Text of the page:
Objective: To investigate whether the wide variation in the frequency of bronchopulmonary dysplasia (BPD) between hospitals is due to differences in delivery room intubation rates.
Methods: Data on 1260 infants of birth weight <1500 g and 23-31 weeks gestational age, born in 1999-2002 and surviving to 36 weeks, were collected; 196 (15.6%) developed BPD defined as oxygen need at 36 weeks postmenstrual age. Generalised estimating equations and conditional logistic models adjusting for centre, gestational age, propensity score for intubation, and other potential confounders were used.
Results: Rates of BPD, delivery room intubation and mechanical ventilation for >24 h differed significantly between hospitals. Centres with high delivery room intubation rates had higher ventilation and BPD rates. Hospitals ventilating more often also did so for a longer time. Although delivery room intubation was associated with BPD in unadjusted analyses, neither delivery room intubation nor brief (<24 h) mechanical ventilation were risk factors for BPD in multivariate analyses adjusting for gestational age, case mix and other pre- and perinatal factors, indicating no causal effect or unmeasured confounding. Significant risk factors for developing BPD were low gestational age, prolonged ventilation (>24 h: adjusted OR (aOR) 2.4; >7 days: aOR 14.9), male sex (aOR 1.7), being small for gestational age (SGA; aOR 4.3) and late-onset sepsis (aOR 2.2). After taking into account these variables/procedures, centre differences remained significant but explained only about 5% of variance.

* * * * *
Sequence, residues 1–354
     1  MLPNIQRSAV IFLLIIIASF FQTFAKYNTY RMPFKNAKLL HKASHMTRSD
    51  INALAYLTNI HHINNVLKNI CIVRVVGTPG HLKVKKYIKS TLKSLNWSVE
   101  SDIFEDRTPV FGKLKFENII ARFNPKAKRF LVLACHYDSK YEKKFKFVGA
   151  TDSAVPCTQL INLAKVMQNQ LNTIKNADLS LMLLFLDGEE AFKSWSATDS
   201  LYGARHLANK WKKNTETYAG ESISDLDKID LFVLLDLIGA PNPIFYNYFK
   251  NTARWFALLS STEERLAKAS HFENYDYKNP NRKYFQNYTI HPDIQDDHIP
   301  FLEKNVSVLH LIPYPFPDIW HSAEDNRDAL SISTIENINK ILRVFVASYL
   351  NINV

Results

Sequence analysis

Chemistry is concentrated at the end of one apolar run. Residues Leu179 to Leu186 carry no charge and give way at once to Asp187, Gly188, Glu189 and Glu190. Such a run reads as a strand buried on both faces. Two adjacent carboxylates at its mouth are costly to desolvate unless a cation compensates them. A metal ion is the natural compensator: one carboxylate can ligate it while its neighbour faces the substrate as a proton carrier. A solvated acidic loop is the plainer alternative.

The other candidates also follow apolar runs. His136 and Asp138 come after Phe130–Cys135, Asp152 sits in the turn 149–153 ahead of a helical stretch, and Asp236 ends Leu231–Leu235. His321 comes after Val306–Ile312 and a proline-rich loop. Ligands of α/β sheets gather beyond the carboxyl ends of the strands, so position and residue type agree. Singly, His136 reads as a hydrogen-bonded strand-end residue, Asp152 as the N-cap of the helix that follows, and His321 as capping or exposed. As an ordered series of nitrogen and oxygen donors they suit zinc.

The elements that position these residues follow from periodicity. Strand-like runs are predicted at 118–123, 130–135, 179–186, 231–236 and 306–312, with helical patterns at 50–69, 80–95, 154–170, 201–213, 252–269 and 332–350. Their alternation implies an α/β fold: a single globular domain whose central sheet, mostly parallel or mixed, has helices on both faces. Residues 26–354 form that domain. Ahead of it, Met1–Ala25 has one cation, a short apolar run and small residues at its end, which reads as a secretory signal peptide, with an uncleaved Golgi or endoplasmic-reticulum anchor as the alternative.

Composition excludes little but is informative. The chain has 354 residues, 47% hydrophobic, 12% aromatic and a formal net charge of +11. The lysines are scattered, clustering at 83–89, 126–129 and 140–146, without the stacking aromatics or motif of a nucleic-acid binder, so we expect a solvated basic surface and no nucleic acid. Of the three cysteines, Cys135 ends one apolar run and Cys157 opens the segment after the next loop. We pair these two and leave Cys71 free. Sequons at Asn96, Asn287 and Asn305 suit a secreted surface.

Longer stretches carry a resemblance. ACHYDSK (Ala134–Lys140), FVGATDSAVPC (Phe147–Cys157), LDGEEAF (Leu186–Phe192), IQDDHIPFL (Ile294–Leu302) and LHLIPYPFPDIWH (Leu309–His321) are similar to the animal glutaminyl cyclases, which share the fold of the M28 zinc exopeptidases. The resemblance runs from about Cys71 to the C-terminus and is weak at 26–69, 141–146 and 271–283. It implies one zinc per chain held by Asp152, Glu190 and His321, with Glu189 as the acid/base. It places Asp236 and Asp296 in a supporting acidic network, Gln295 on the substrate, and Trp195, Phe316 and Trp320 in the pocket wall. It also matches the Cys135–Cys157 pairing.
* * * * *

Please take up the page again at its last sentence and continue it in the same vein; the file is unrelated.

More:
Conclusions: Differences in BPD frequency between hospitals are explained by differences in procedures, chiefly mechanical ventilation, rather than by differences in initial management or case mix. Delivery room intubation and brief mechanical ventilation did not increase BPD risk.